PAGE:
When we hear the word courage, we often think of these grandiose moments of bravery. Experiences like leaping off a high-dive, trying out for an ultra-competitive team, or taking your first step off a zip-line seem like the most appropriate ways for us to help our kids to understand courage.
But what if courage is more ordinary than that? What if courage is an idea that shows up in the everyday as we interact with friends and family, go to school, and navigate the world of extra-curricular activities?
Read anything on Generation Z, and you’ll find that stress and anxiety are hallmarks of these kids and teenagers. On the surface, it might appear that preteens primarily eat (pizza, gum, and anything with the word sour in it), sleep (nightly campaigning to push their bedtime an hour later), and go to school (begrudgingly). So, if that’s really all they do, why do they always look so tired and frazzled?
Days of rest really don’t really exist anymore. The reality is that preteens are feeling caught in their schedule, their access to culture, and the pressure to succeed. And the expectations placed on them are often too unrealistic for them to handle. As preteens figure out how to navigate these expectations, they face unprecedented anxiety.
But we know they don’t have to navigate these feelings on their own. We can help them discover how to find courage to face those expectations and come out stronger on the other side.
Here are some quick ideas to get you started:
1. The Courage to Say No.
The first step in navigating their stressful world is learning how to discern which activities are worth their time and will give them life rather than stress them out. Learning how to say “no” will be a skill they’ll use for the rest of their life. And yes, it sometimes takes courage not to do something because they’ll feel like they’re missing out or letting someone down. Help them understand that creating breathing room in their schedule will be more beneficial to them in the long run.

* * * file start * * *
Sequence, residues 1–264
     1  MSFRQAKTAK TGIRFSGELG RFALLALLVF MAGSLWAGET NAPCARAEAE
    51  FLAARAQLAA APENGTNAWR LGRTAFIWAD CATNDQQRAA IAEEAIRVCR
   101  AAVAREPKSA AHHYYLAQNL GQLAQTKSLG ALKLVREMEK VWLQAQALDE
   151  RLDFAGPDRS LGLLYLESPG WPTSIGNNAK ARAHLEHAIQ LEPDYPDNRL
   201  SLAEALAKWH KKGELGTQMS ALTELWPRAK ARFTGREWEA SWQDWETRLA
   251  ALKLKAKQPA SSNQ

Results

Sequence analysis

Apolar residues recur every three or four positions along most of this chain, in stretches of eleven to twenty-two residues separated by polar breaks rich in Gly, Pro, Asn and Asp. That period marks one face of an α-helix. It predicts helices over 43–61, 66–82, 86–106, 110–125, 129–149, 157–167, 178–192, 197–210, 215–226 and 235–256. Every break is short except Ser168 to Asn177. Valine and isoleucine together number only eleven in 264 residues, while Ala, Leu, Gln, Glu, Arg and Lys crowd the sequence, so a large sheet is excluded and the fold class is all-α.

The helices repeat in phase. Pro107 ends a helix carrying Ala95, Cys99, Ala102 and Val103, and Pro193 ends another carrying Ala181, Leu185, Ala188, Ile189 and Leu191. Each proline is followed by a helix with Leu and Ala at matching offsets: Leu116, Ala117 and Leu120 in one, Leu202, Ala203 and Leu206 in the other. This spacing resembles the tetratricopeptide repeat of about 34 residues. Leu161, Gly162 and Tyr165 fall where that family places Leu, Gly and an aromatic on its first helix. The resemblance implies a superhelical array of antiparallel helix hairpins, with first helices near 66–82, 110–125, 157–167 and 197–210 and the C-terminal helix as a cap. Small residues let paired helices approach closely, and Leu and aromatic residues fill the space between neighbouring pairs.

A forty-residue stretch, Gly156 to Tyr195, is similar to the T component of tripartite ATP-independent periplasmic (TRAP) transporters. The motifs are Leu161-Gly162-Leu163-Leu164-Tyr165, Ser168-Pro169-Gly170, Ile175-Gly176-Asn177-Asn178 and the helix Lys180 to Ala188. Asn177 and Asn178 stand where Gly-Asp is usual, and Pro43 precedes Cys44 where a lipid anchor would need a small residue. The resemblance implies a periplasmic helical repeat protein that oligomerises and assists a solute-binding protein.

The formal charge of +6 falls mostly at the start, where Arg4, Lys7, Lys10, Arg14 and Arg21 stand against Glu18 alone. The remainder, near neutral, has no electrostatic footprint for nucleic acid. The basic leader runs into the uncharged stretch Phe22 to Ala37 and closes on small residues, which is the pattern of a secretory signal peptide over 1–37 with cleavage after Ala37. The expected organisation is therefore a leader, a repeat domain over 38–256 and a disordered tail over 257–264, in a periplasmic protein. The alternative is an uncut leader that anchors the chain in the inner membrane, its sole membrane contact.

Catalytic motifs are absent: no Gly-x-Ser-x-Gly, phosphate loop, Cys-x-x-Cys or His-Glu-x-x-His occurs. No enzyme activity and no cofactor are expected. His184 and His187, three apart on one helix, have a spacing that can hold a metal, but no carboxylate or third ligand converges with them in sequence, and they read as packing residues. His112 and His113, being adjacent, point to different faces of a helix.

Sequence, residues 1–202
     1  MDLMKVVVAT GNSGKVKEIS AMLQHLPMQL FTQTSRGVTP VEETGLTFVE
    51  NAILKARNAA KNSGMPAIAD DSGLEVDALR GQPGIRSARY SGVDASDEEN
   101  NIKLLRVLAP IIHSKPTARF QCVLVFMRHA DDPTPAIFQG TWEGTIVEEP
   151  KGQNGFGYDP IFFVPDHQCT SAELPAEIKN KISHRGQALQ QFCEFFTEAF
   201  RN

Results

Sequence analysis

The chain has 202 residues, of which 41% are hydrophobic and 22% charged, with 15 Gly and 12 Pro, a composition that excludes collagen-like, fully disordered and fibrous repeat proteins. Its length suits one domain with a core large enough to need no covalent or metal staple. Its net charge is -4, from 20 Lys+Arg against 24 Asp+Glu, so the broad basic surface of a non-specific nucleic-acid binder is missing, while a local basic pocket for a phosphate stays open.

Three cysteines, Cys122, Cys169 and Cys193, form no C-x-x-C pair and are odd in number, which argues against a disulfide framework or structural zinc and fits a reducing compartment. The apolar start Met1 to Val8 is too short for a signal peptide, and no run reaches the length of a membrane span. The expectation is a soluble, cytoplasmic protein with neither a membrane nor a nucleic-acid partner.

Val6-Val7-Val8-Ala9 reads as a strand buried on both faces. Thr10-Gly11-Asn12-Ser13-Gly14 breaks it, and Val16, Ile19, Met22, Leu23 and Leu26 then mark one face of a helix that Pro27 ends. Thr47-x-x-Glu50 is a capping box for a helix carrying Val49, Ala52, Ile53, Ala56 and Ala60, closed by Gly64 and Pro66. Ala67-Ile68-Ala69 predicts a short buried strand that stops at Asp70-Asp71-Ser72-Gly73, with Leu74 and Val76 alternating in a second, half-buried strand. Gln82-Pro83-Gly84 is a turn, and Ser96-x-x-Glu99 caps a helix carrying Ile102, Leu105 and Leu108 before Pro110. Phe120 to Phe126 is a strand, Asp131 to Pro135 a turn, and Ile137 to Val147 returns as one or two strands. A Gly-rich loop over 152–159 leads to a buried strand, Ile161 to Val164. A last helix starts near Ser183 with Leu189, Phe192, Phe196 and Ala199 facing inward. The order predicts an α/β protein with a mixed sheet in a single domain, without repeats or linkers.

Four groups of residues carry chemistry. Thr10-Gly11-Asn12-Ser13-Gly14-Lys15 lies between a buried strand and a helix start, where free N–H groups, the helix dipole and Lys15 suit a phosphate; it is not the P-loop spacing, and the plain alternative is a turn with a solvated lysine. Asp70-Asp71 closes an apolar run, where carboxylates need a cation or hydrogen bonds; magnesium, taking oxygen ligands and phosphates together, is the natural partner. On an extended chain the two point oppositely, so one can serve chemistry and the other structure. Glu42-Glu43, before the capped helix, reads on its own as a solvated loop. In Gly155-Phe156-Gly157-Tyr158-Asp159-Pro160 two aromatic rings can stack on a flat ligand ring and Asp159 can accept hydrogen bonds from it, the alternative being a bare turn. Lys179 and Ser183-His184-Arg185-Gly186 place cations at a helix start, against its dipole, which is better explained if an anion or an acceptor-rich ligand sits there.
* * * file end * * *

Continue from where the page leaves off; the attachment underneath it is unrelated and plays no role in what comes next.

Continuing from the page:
2. The Courage to Try New Things.
Make practicing courage a regular part of your family. Whether it’s a new cuisine, a new vacation spot, or a new activity, your family can set the tone for what it means to have courage. The more we try new things, the easier it becomes to, well, try new things. We want to raise kids who will meet the challenge of the world head on, which most often will take them out of their comfort zone. Teach them what this can look like while they’re still with you and learning what it means to be an adult.
3. The Courage to Ask for Help.
Help kids realize that they don’t have to struggle on their own. We all need others to help us figure things out from time to time. During the preteen years, our kids will be stretched in all sorts of ways and will need help sorting it all out. Learning to ask for help, could be the key to their long-term success.
4. The Courage to Fail and Make Mistakes.
Help your kids understand that failure and mistakes are part of the learning process. How we respond when our kids bring home a bad grade, get in trouble at school, or miss their free-throws will determine what they believe about failure. Create a safe place at home where failure is a catalyst to success, rather than a reason to stop trying.
5. The Courage to Be Themselves.
The preteen years play a huge role in the formation of their identity. They can go from skate punk to preppy in a matter of a few days depending on their latest group of friends. Don’t freak out, but give them space to discover who they really are and what they like. Encourage them to be confident in who they are as individuals created in the image of God rather than what their peers might think of them.
Your kid will face all sorts of situations throughout their preteen years that will require him or her to summon an added dose of courage. But remember, your words and actions have power in their life. Speak life to them. Be their biggest cheerleaders. Be the one that offers the most grace. Your constant love and support could be the catalyst for how they show courage in the future.
Make the most of every phase
You have approximately 936 weeks from the time your child is born until he or she graduates from high school. It goes by fast, and kids change and grow quickly. It’s as if they shift or move on just as you’re starting to figure them out. It all makes the responsibility to shape a child’s faith and character feel overwhelming.
In a concise and interactive way, Middle School Phase Guides simplify what you need to know about middle schoolers in general and gives you a place to discover more about your middle schooler—so you can make the most of this phase.